If they inherit a Great Dane’s coat, they shed in moderate amounts throughout the year and need daily brushing and combing with a slicker brush to throw off all the undercoat that sheds frequently. 

Great Dane Poodle’s grooming requirements are as follows: 

Grooming Overview 

Easy to groom Medium to High 
Amount of shedding Medium 
Drooling tendencies Low 

Great Dane Poodle Mix Health 

Great Danoodle is solid and healthy, but some health issues from their parent breeds can affect them. 

Health Overview 

Overall health Medium to High 
Weight gain possibilities Medium 
Size Large 

Major Concerns

  • Entropion 
  • Gastric Torsion 
  • Cardiomyopathy 
  • Sebaceous Adenitis 
  • Addison’s Disease 
  • Mitral Valve Disease

Minor Concerns 

  • Myotonia 
  • Corneal Dystrophy

Occasional Tests 

  • Electrocardiogram 
  • Internal Imaging (x-ray, CT scan, MRI, etc.) 
  • Blood And Urine Analysis 
  • Blood and Urine Tests 
  • Skin Biopsy 
  • Ocular Exam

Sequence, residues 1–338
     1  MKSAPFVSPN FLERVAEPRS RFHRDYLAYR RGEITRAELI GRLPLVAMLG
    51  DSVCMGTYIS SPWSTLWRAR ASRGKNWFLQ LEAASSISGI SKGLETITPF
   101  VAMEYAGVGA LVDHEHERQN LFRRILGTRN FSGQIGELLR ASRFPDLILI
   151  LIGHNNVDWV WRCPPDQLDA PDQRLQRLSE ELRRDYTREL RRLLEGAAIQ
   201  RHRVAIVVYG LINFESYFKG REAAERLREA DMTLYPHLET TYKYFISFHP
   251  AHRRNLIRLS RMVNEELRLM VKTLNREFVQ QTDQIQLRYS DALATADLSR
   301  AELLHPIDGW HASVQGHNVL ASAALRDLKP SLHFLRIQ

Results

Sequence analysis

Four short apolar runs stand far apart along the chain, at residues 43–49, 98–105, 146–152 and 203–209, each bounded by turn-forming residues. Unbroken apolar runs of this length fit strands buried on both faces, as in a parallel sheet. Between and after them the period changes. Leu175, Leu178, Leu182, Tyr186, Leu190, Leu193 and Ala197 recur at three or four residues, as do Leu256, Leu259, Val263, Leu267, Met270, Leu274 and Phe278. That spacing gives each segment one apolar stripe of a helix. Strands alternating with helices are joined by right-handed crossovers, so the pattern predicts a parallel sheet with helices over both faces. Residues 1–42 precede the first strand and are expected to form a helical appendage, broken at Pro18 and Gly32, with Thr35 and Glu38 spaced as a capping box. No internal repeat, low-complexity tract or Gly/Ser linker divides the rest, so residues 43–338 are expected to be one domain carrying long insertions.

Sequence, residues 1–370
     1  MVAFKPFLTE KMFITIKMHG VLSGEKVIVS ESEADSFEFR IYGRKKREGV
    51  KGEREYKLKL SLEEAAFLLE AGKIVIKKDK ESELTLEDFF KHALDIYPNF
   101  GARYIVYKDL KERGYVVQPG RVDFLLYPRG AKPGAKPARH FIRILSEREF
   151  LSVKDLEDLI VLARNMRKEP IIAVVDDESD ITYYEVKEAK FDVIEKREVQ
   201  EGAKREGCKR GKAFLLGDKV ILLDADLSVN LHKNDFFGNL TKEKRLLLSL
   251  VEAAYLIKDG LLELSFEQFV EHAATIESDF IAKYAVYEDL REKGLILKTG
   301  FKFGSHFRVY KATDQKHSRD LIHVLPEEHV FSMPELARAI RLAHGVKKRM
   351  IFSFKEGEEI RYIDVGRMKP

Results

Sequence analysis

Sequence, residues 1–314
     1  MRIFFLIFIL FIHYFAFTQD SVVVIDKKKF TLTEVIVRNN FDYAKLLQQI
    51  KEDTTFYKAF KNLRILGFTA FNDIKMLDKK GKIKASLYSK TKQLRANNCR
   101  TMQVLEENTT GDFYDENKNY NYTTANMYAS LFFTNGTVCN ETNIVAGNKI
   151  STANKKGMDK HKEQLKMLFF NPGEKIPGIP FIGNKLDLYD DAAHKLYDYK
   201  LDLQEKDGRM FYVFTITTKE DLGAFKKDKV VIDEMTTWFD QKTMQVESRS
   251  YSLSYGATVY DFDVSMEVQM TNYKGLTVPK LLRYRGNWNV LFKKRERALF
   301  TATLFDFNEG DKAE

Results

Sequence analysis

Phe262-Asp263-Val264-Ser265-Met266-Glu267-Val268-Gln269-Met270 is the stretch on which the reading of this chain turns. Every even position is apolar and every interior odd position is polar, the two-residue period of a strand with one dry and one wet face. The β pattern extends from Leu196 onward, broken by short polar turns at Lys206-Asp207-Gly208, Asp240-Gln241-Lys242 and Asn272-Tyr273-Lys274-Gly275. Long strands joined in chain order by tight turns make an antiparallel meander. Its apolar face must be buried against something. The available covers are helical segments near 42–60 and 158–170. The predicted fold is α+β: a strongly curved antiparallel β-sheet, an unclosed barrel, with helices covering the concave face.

• Cardiac Test 
  • Electromyography (EMG) 
  • Muscle Biopsy

Hip dysplasia: A situation where the hip and ball socket joint fail to align, causing them to rub against each other. Affected dogs can experience a lot of pain and mobility issues.

Patellar luxation: A condition where a dog’s kneecap dislocates, causing mobility tribulations to their limbs and can lead to paralysis. 

Von Willebrand’s disease: A condition where a dog’s blood can clot easily and experience extreme bleeding when damaged. In addition, excess blood can emerge from their nose and gums, internally and in their urine.

Dermatitis: This condition refers to skin irritation and is very familiar in Great Danoodles, mainly if they inherit the Poodle’s dense, curly coat. Allergic reactions to pollen, dust, parasites and even food will often display skin irritation. Without early and proper treatment, this could effortlessly result in skin breaks from scratching and eventually cause skin infections.

Cancer: One of the leading reasons for death in Great Danoodles. They vary from blood cell cancers to solid tumors in the stomach, reproductive system, and other systems in their bodies.

Bloating: This disorder occurs when the dog’s stomach is filled with liquid, gas, or food. In that case, the stomach can broaden too much to initiate pressure on the organs around it—cutting off the blood supply. The symptoms of bloating include:

  • Restive behavior
  • Nausea
  • Excessive drooling

Dilated Cardiomyopathy (DCM): A condition in which the coronary arteries in canines’ hearts either stop or narrow down, making it more challenging to pump blood. It may result from an infection or hereditary disease. If left untreated, it can cause death. The symptoms pointing towards DCM are: